Health

Monkeypox showing signs of plateauing in UK, say health officials


The monkeypox outbreak in the UK is showing signs of plateauing, the UK Health Security Agency has said.

The organisation said there had been 2,859 confirmed and highly probable cases of the viral disease as of 4 August, the majority of which are transmitted between men who have sex with men.

Despite recent figures suggesting the outbreak has slowed, the agency’s director said “we cannot be complacent”.

“If you are concerned that you may have monkeypox symptoms, take a break from events, meeting with friends or having sexual contact. Instead, stay at home and contact 111 or your local sexual health service for advice,” said Meera Chand, the director of clinical and emerging infections at UKHSA.

Within England, the majority of cases have been in London. The median age of confirmed cases in the UK is 37, and 99% of all UK cases are male.

The smallpox vaccine is being offered to individuals at higher risk of coming into contact with monkeypox, according to the agency, in efforts to protect individuals and reduce the spread of the disease.

Last month a vaccination drive was launched as sexual health campaigners warned health authorities were underestimating the scale of the response required to stop monkeypox becoming endemic in the UK.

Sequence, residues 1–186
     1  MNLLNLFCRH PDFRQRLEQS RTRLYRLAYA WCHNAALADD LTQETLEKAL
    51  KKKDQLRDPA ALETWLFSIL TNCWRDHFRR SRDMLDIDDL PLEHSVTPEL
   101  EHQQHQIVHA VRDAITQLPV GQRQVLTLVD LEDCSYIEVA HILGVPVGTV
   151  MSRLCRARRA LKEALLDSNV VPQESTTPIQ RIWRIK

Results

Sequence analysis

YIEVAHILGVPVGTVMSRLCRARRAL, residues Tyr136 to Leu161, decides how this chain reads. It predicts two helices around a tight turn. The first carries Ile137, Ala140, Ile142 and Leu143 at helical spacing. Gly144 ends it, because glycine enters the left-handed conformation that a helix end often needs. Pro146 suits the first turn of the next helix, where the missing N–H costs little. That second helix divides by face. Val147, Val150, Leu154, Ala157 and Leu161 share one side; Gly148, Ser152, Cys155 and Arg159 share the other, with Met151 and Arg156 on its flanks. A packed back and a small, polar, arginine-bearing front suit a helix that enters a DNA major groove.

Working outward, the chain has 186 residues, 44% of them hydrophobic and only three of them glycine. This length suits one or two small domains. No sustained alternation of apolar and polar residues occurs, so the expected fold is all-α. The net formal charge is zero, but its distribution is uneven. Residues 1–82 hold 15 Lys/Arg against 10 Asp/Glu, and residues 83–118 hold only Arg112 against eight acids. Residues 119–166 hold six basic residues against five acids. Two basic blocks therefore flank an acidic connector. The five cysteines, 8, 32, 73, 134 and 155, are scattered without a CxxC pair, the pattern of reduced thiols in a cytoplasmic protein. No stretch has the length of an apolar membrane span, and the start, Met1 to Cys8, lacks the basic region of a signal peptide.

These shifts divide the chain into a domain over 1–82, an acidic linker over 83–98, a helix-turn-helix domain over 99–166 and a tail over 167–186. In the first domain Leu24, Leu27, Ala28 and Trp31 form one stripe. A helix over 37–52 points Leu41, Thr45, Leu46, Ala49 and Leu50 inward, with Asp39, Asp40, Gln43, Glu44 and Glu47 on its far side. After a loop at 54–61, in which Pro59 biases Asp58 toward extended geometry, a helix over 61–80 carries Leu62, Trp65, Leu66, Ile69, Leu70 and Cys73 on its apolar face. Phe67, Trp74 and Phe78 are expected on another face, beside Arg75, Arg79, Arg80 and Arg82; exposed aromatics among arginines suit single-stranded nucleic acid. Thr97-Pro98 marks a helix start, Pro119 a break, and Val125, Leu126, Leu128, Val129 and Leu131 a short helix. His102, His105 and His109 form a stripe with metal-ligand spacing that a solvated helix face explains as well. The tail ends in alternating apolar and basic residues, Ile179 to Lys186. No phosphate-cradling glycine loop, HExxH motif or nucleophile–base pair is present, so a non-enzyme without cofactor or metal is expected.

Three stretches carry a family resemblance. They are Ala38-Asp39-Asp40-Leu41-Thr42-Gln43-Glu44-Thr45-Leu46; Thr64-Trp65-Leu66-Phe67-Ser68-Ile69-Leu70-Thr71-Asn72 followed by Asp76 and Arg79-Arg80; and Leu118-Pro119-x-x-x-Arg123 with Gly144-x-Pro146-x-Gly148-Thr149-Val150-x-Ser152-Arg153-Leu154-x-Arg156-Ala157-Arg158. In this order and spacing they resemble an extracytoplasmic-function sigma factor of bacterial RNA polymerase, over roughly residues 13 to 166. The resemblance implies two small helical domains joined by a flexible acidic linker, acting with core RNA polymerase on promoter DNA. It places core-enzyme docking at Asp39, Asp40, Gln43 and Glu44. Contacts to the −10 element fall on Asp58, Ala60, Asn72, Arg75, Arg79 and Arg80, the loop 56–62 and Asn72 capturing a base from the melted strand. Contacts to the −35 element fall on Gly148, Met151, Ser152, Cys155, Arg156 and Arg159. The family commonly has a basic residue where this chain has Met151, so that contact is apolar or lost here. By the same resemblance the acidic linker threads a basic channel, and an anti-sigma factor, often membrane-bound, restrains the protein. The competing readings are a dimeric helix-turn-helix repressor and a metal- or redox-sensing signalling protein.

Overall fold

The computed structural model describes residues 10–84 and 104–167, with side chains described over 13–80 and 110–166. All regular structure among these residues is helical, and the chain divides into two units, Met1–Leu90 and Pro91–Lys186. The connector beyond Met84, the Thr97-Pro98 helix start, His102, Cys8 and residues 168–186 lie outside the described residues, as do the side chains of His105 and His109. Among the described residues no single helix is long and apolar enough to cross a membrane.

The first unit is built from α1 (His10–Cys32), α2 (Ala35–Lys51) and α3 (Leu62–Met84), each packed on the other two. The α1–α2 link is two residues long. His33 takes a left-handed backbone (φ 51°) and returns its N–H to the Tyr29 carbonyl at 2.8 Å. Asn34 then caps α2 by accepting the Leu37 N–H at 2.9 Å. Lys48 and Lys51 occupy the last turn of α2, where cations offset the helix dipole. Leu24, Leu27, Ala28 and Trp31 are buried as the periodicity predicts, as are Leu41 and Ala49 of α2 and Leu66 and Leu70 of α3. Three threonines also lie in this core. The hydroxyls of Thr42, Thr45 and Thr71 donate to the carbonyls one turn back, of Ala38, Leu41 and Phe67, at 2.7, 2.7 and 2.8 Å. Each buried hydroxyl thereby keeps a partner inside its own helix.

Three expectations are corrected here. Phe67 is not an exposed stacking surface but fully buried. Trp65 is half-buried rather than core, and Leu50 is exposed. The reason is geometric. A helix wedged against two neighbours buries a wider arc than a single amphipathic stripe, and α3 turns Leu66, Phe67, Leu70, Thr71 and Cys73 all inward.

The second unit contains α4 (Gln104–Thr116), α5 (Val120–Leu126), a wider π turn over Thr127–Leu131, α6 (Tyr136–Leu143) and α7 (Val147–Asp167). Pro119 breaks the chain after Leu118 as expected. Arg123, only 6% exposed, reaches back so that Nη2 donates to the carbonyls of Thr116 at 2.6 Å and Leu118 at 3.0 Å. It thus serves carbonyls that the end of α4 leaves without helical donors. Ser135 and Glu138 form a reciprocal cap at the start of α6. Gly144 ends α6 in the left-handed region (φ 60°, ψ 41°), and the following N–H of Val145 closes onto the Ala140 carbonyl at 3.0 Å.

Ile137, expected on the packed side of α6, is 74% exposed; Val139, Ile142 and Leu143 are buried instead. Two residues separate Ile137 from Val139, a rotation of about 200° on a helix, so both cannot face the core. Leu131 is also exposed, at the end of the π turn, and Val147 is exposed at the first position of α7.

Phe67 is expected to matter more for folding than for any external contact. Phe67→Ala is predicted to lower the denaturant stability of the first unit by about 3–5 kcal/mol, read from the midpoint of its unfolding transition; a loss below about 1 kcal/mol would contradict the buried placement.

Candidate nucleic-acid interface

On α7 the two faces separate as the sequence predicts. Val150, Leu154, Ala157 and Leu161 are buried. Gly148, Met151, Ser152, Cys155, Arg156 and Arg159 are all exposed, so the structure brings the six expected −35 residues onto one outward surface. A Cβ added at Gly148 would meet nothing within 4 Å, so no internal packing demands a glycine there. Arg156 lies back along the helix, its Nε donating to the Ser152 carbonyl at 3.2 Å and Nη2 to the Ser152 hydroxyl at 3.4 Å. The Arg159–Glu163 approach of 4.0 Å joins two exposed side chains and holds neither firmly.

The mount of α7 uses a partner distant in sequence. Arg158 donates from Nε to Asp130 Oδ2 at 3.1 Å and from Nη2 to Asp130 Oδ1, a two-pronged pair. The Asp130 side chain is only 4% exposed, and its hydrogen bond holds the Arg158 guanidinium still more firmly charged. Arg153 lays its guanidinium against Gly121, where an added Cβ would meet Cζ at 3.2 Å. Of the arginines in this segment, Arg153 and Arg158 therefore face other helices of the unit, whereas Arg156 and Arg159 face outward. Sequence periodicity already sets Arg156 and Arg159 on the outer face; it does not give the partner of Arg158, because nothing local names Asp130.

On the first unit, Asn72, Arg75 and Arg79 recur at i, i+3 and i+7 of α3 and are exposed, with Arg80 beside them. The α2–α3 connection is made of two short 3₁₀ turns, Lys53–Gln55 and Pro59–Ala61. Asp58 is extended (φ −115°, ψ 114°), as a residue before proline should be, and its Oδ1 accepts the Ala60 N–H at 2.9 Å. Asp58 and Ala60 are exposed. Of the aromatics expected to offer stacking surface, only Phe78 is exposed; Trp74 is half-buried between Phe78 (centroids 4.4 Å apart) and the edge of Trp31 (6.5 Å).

As cases surpassed 2,000, public health officials ordered 100,000 more doses of vaccine.

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The news of UK cases plateauing comes as parts of the US brace for the viral disease, where it has already been declared a public health emergency by the president, Joe Biden, after New York City, San Francisco and other cities announced a state of emergency.

The global monkeypox outbreak was declared a public health emergency of international concern by the World Health Organization (WHO) last month. It was the seventh time such a declaration has been made since 2009, the most recent being for Covid-19.

The WHO later advised men at risk of catching monkeypox to consider reducing how many sexual partners they have “for the moment”.



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